The Financial Times has an interesting piece this week by Ruchir Sharma on the now-familiar theme of how Covid has made the world’s most wealthy people even wealthier.
Sharma has spent two decades tracking the fortunes of billionaires, concerned that rising inequality would lead to political instability.
He argues that the colossal $9tn – that’s 9 trillion – injected by central banks has massively helped those he terms the “ultra rich, and that the “the total wealth of billionaires worldwide rose by $5tn to $13tn in 12 months, the most dramatic surge ever registered on the annual billionaire list compiled by Forbes magazine.”
As noted on Gript previously, some of those who have most benefited have been China’s billionaires, though at the top of the list were US gainers like Elon Musk who saw his net worth grow from $25 billion to $150 billion according to Sharma.
Sharma writes that:
I started tracking billionaire wealth in my home country, India. Back in 2010 anger against the new wealth elite was growing, and my first parsing of the Forbes lists helped explain why. Although India is relatively poor, billionaire wealth had soared to the equivalent of more than 17 per cent of gross domestic product, one of the highest shares in the world, with most of the gains accruing to a narrow set of families in industries prone to crony capitalism.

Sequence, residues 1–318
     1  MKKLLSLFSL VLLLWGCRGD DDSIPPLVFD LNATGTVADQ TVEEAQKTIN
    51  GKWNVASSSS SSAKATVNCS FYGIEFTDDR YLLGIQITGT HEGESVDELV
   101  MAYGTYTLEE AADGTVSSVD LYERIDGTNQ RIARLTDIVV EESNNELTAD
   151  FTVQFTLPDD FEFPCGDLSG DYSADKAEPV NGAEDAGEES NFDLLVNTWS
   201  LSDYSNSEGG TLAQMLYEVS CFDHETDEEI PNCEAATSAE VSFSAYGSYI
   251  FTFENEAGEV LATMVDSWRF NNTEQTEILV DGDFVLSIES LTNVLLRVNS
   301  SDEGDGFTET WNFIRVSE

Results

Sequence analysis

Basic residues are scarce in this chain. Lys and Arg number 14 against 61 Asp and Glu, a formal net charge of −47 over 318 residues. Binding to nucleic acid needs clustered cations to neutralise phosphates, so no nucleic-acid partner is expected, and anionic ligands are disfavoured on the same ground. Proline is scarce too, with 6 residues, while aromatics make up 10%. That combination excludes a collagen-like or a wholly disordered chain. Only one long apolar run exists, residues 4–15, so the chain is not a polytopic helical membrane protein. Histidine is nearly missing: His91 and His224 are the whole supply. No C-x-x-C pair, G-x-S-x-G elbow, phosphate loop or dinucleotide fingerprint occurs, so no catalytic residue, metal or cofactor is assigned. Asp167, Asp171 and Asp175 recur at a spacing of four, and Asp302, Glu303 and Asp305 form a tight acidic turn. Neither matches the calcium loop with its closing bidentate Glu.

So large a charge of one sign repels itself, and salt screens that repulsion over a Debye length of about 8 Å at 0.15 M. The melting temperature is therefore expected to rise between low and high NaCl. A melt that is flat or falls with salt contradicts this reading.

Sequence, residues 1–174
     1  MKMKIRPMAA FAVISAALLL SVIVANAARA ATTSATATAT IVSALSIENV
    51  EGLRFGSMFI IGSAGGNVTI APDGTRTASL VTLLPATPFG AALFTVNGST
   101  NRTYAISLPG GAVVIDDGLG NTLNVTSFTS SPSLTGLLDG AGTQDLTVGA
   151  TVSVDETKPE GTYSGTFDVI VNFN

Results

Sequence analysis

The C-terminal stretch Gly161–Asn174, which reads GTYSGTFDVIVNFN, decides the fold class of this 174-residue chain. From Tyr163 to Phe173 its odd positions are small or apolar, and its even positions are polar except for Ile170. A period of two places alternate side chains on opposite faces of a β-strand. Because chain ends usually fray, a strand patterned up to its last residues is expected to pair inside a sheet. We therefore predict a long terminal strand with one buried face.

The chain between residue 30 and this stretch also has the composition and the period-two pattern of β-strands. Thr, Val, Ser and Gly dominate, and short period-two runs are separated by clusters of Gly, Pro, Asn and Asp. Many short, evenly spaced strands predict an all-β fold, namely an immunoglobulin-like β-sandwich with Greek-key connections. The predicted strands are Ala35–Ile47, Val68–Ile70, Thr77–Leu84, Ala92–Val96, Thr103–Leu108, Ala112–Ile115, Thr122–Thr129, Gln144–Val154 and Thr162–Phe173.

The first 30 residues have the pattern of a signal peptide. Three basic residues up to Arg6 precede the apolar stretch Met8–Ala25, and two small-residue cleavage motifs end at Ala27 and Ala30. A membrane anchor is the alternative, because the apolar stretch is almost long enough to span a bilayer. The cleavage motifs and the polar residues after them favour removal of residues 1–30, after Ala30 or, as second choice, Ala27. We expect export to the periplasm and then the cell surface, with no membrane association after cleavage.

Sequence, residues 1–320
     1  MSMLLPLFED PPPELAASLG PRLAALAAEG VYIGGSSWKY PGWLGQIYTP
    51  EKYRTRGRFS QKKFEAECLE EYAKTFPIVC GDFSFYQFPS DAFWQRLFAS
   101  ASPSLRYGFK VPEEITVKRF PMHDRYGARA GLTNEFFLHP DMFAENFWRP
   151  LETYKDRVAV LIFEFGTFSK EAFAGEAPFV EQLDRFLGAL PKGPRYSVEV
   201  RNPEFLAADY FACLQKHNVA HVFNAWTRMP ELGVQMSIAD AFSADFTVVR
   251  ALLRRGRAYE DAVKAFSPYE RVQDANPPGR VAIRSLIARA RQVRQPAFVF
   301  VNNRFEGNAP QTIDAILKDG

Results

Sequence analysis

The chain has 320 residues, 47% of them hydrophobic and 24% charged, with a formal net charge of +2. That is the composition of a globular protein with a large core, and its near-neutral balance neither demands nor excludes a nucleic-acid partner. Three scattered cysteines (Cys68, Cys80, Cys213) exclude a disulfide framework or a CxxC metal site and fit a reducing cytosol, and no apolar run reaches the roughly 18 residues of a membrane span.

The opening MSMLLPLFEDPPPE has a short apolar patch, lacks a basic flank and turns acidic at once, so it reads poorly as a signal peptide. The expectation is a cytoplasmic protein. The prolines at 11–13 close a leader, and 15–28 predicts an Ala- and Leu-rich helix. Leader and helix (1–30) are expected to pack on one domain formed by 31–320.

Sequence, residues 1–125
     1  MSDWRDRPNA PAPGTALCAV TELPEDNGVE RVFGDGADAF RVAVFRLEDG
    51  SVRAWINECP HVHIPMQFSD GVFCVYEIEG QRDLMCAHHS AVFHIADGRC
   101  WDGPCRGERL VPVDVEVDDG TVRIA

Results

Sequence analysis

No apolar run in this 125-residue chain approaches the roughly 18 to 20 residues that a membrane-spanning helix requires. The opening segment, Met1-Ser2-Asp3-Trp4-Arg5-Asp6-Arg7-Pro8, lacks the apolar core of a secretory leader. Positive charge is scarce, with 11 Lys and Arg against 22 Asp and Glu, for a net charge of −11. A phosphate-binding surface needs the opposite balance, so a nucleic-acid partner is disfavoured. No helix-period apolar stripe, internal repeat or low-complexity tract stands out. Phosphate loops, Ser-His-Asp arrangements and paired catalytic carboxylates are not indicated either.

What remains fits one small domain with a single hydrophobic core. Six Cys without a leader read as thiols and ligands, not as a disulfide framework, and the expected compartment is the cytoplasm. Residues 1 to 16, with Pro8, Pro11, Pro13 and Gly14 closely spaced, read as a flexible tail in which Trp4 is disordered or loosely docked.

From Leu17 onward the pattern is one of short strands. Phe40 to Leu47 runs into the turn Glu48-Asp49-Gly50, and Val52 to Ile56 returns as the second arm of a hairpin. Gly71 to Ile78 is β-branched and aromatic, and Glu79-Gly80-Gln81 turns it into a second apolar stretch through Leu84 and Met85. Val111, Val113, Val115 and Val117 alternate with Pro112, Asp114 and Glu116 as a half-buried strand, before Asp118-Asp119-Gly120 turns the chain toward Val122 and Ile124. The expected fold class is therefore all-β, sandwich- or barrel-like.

He says that in the 2010s America’s billionaire class looked “surprisingly well balanced” with billionaire wealth totalling about 10 per cent of GDP at that time, in line with the average for wealthy countries. By 2015, it had surged to 15 per cent of GDP, however and the wealth gains of 2020 have accrued mostly to tech companies and their founders. Now US billionaire wealth is at nearly 20 per cent of GDP.
In France, he reveals, billionaire wealth also jumped to 17 per cent last year.
While Sharma distinguishes between what he describes as “bad” and “good” billionaires based on how their wealth is derived, what is most remarkable is the acknowledgment that this boom for billionaires is “easy money pouring out of central banks”.
There will come a time when that easy money needs to be repaid of course – by the ordinary taxpayer who is not benefitting from the Covid boom, and who face an uncertain future.